Translated via Google – December 15, 2011 – Yesterday, the Louvre and the Aga Khan Musem of Toronto signed a partnership framework for Islamic Art.
While the Museum of Louvre will open in a few months the Department of Islamic art , this agreement will enable the establishment of a policy of exchange and loans and the creation of joint projects (conferences, expertise and programs research).
The combination of the two museums had been initiated in 2007 when the Aga Khan had lent works for the exhibition ” Masterpieces of Islamic Art “at the Louvre . The Aga Khan Museum in Toronto , whose inauguration is scheduled for 2013, will focus on Islamic arts and cultures .
The Aga Khan Museum + Ismaili Centre Rise Alongside the Don Valley
July 9, 2012 12:36 pm | by Alex Corey | 2 Comments
The Don Valley Parkway has served as the entrance to the downtown core for countless residents and commuters alike, a drive that is loved for its views as much as it is despised for its gridlock. Memories of watching the CN Tower rise and fall amidst the lush valley defined the drive into the downtown core after long weekends at the cottage, a glimpse of the fast-paced city that awaits. While sporadic condominium and apartment towers have popped up alongside the valley, none standout quite like the Aga Khan Museum + Ismaili Centre, currently under construction just north of Eglinton and the DVP. The buildings’ unique rooflines and proximity to the parkway make-up for their relatively short stature compared to the nearby towers, and although they’re still very much under construction, they nonetheless warrant your attention as you drive - or crawl, depending on time of day - along the parkway.
Hume: Ten things Toronto can look forward to in 2013
Published on Tuesday January 01, 2013
An artist's rendering of the Ismaili Centre and Aga Khan museum being built near Don Mills and Eglinton in Toronto.
By Christopher Hume Urban Issues, Architecture
One year ends, a new one arrives, and with it hopes for something better. However irrational, that is the expectation for 2013 — that things will improve for Toronto. Let’s face it, 2012 wasn’t the city’s finest year. Which is not to say that we will get our civic act together, but here are a few of the things we’re looking forward to in the 12 months ahead, in no particular order:
• The opening of the Sisters of St. Joseph building at Broadview Ave. and O’Connor Dr. Designed by Shim Sutcliffe Architects, the new structure isn’t technically a nunnery, but it comes pretty close. The combined residence, health-care facility and administrative centre is contained in a spectacular copper-and-glass low-rise and a restored early 20th-century heritage residence. The opening is set for March; until then one must rely on faith.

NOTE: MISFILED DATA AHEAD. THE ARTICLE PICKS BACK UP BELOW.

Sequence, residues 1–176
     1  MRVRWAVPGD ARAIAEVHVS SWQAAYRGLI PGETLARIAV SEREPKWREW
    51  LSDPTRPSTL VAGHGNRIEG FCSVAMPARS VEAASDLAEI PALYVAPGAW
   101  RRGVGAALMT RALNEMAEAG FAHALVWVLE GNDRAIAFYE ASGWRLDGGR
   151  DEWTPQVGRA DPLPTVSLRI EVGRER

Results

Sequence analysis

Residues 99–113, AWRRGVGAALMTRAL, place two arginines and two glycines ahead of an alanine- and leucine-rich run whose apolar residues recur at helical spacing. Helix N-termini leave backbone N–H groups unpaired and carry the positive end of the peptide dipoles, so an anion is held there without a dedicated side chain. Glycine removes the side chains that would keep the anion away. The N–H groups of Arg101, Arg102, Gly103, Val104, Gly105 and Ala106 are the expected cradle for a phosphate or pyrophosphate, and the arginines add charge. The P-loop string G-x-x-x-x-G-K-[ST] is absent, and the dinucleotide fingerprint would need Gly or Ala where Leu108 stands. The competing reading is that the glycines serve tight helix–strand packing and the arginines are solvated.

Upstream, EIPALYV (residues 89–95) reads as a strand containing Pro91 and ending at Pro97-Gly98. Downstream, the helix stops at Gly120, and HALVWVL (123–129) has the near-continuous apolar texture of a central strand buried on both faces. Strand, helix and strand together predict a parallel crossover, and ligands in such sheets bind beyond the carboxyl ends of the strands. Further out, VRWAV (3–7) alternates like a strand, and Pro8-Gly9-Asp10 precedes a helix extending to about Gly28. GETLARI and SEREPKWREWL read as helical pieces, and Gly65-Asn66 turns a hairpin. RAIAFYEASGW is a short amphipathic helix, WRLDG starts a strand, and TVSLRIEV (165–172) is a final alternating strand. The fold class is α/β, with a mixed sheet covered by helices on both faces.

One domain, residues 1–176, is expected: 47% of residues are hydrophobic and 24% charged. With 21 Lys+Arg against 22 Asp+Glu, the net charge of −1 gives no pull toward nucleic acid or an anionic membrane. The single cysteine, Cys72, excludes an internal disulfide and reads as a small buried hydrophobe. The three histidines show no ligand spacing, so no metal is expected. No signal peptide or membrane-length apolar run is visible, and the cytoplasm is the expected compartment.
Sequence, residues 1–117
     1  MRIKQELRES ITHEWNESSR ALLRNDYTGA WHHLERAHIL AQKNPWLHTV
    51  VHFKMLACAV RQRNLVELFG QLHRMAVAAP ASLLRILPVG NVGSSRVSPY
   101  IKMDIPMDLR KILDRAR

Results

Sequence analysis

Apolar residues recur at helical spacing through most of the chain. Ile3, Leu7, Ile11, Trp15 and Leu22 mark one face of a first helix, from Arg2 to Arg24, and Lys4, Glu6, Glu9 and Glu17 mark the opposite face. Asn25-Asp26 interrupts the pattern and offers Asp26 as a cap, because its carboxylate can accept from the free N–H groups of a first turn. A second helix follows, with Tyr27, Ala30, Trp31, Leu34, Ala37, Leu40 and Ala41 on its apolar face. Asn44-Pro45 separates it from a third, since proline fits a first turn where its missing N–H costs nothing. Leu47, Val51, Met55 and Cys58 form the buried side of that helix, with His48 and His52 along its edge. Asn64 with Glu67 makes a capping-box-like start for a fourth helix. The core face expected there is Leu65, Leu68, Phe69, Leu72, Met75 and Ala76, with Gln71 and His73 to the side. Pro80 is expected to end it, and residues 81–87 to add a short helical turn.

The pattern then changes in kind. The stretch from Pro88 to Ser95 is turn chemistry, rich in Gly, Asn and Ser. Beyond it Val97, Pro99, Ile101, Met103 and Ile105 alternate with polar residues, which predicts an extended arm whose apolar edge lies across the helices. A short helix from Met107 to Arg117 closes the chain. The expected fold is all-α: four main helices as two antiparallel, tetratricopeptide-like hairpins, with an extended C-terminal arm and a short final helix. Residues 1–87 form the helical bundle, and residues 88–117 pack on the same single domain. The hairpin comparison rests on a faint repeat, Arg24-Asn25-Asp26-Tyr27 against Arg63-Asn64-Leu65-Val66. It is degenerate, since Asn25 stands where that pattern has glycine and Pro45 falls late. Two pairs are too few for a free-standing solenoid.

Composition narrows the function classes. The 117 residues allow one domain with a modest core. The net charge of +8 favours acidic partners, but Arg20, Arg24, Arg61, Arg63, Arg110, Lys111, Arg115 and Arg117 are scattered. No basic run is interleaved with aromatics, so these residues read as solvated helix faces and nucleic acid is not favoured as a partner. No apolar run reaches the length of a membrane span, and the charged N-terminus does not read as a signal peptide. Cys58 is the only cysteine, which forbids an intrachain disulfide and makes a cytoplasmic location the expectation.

• Occupying a large suburban site at Eglinton Ave. E. and Wynford Dr., the Aga Khan Museum and Ismaili Centre will transform this part of Toronto. Already the magnificent complex is turning heads — for now, mostly those watching as they drive by on the northbound DVP. When complete, its effect will be felt across the city. The architects — including Fumihiko Maki and Charles Correa — have created a place of surpassing beauty. As an act of faith in Toronto, a gift to the city, the centre is unparalleled.
Posted by byzbets in art / history / medieval / byzantium
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Aga Khan, museums, Toronto
Aga Khan Museum will open in Toronto in 2014. The collection will have artworks and artefacts from the Muslim world. Canada’s commitment to pluralism, tolerance and inclusiveness is what attracted the Aga Khan to choose this country and city as the home for the museum. The Aga Khan trust for culture of the Aga Khan Development Network held a foundation ceremony for the museum and neighbouring Ismaili Centre in 2010. These Museum is being built adjacent to the Don Valley Parkway on Wynford Drive, north of Eglinton Avenue East. Link to coordinates on maps.google.com.
His Highness the Aga Khan, Karim Al-Hussain Shah, b. 1937), is spiritual leader of the Nizari sect of Ismaili Muslims. Here’s a little history and background, in case you need it: the first Aga Khan was given his title in 1818 by the shah of Persia. The current Aga Khan inherited the title in 1957. Nizaris are a sect that split from the Ismaili branch of Muslims in 1094 over a disagreement about the succession to the caliphate. Most Nizaris now live in the Indian subcontinent. Ismailis are a branch of the Shiite Muslims that seceded from the main group in the eight century because of their belief that Ismail, the son of the sixth Shiite imam, should have become the seventh Imam. (Incidentally, Prince Rahim, age 41, the Aga Khan’s son, recently announced his engagement to Kendra Spears, age 24, an American fashion model.)
The museum will show works from its own collection and temporary international exhibitions of Islamic art. The permanent collection includes well-known miniatures and manuscripts as well as objects in stone, wood, ivory, and glass, and metalwork, ceramics, and works on paper and parchment. The plan for temporary exhibitions is focused on highlighting the diversity in Islamic arts and cultures. They will explore innovative topics including the connections between Islam and other cultures within specific contexts such as the arts or sciences. A series of well-received exhibitions in European cities have given items in the permanent collection a wide audience.
The museum plans on facilitating continued cultural exchanges between Islamic and western communities. Its educational programs are designed for individuals of all ages, from school-children to researchers.
And, why yes—I’d love to teach an Islamic art survey course or related course using this museums resources!
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